Friday, March 29, 2013

Psalm 22: You Lay Me in the Dust of Death

My God, my God, why have you forsaken me? Why are the words of my groaning to you so far from helping me? O my God, I cry out to you by day, but you do not answer, and by night, but I have no rest.  
Yet you are holy,
 you who are enthroned on the praises of Israel. In you our fathers trusted;
 they trusted, and you rescued them. To you they cried and were delivered; 
in you they trusted and were not put to shame.  
But I am a worm and not a man,
 a reproach of men and even despised by the people. All who see me laugh me to scorn; 
they hurled insults at me. They shake their heads, saying: “He trusts in the Lord; let him deliver him; 
let him rescue him, for he delights in him!”  
But you are the one who pushed me out of the womb, making me trust even from the time I was at my mother's breasts. Upon you I was cast from the womb,
 and from my mother's belly you have been my God. Do not be far off from me, for trouble is near, and there is none to help.  
Many bulls encompass me; 
strong bulls of Bashan surround me. They open wide their mouths at me, 
tearing and roaring like a lion. I am poured out like water,
 and all my bones are out of joint.
 My heart has become like wax,
 melting within me; my strength is dried up like broken pottery,
 and my tongue sticks to my jaws. 
You lay me in the dust of death.  
For dogs encompass me;
 a company of evildoers encircles me; 
like a lion they have pierced my hands and feet. They count all my bones, and 
they stare and gloat over me. They divide my garments among them,
 and for my clothing they cast lots.   
But you, O Lord, do not be far off from me!
 O you my help, come quickly to my aid! Deliver my soul from the sword,
 my precious life from the power of the dog! Save me from the mouth of the lion, from the horns of the wild ox with which you have answered me.  
I will declare your name to my brethren. In the midst of the congregation I will praise you. You who fear Yahweh, praise him!
 All you offspring of Jacob, glorify him; 
and stand in awe of him all you offspring of Israel! For he has not despised or abhorred 
the affliction of the afflicted,
 and he has not hidden his face from him,
 but has heard, when he cried to him.  
From you comes my praise in the great congregation;
 my vows I will perform before those who fear him. The afflicted shall eat and be satisfied;
 those who seek him shall praise Yahweh,
 and may their hearts live forever! All the ends of the earth shall remember and turn to Yahweh, 
and all the families of the nations
 shall worship before you.  
For dominion belongs to Yahweh,
 and he rules over the nations. All the prosperous ones of the earth shall feast and worship, and all who go down to the dust shall bow before him, even the one whose life cannot be kept alive. Posterity shall serve him, future generations shall be told about Yahweh, and they shall come and proclaim his righteousness to a people yet unborn that he has done it!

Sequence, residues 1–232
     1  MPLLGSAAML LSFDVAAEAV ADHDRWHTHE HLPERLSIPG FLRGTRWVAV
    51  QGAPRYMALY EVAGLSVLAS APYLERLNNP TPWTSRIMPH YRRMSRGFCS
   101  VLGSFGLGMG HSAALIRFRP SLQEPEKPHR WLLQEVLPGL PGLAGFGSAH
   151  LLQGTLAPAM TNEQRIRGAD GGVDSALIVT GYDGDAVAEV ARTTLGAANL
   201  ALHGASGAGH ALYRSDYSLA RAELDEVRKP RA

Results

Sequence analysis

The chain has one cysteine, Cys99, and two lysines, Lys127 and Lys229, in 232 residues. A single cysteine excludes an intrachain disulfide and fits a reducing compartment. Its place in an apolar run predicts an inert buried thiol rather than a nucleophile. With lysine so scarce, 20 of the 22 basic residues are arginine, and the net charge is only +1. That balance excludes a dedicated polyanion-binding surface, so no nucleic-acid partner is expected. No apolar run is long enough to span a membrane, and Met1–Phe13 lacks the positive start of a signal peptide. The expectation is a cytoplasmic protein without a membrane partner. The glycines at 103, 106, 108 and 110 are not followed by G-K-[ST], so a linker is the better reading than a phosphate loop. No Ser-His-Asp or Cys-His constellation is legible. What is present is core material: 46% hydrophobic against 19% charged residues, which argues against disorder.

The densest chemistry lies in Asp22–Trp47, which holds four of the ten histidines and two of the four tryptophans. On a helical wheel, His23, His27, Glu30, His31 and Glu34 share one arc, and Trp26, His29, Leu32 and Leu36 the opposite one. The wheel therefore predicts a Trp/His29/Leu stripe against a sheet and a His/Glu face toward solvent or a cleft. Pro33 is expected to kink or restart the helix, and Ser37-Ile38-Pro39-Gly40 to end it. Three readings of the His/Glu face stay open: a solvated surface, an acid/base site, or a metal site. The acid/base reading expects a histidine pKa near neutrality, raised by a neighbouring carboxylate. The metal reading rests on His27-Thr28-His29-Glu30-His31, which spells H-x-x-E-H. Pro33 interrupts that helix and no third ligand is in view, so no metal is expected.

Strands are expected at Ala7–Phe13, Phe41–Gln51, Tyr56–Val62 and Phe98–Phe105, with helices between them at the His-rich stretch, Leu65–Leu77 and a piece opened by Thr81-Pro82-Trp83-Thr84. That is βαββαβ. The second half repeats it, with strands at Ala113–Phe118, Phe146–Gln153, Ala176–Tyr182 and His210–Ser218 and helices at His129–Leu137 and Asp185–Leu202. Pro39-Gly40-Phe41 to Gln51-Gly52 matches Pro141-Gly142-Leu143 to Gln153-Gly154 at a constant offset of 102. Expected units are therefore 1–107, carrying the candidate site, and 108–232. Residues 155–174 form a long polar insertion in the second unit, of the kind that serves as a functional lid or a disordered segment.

The opening words of Psalm 22 are probably the most familiar words of all the Psalms. After Jesus cried out from the cross, "My God, my God, why have you forsaken me?" (Matt. 27:46), one can hardly view this Psalm as though it were merely David's expression of suffering. It must, in fact, represent the suffering of some one much greater than David, some Davidic King more ultimate than himself. These opening words also set the tone for the entire Psalm. This King feels a need to exclaim the horrors of separation and alienation from God. The picture painted for us is extremely real suffering and real trust through sufferingThis King "cries out" repeatedly, day after day, night after night, but finds no rest and no peace of mind.

This King knows who he's crying out to. He knows that Yahweh dwells in the midst of His covenant people, making him accessible to all who draw near. And yet, we are left wondering why, if Yahweh is indeed enthroned on the praises of Israel (praises from those Fathers who trusted in Him, were rescued by Him, and were not put to shame because of Him), God seems to be completely absent when the King of Israel cries out to Him. What is there for him to learn through such suffering? (Heb. 5:8)

This King knows he is in a lowly position among all the creatures of the earth. Far from being perfectly spotless and blameless, he is a filthy "worm" who bears the reproach of men. The people despise him; they laugh him to scorn and hurl insults at him, mocking him during his trial of extreme suffering (Matt. 27:39-44). The message of this King is known by his mockers too. They know he trusts and delights in Yahweh. They know he believes Yahweh is his deliverer too. And so they toy with his delights; they jest about his confidence in Yahweh. In their eyes, he is not the rightful King of Israel. Their heads shake in denial (Matt. 27:39).

Yet we see that this "worm" is not ashamed of his delight in Yahweh. He knows Yahweh was with him from conception and birth. The Spirit of Yahweh was at work within him even from his first memory outside the womb, even upon his mother's breast. "From my mother's belly You have been my God," this King declares. Therefore, when real trouble is near, and no one on earth is there to help deliver him, he is not ashamed to cry out toward heaven to this God whom he has always known: "Do not be far off from me! ...There is none to help!" He knows there is no one other to help him in this time of great trouble. In fact, as we approach the center of this Psalm, we learn that this great trouble -- whatever it is -- leads to death. For all practical purposes, this King already feels dead simply because God has forsaken him; simply because he cries and cries without any rest. Later on, this King will cry out these exact same words of help again, only he will cry out to God after being laid in the "dust of death." In other words, the next time he cries out to God for this same help, we get the feeling that God has never really been far off from him. Even though the Psalm begins with the feeling of God forsaking him, we learn that God was his "help" through all of that deadly suffering. And because God was his help through suffering, he can trust that God is his help after death as well.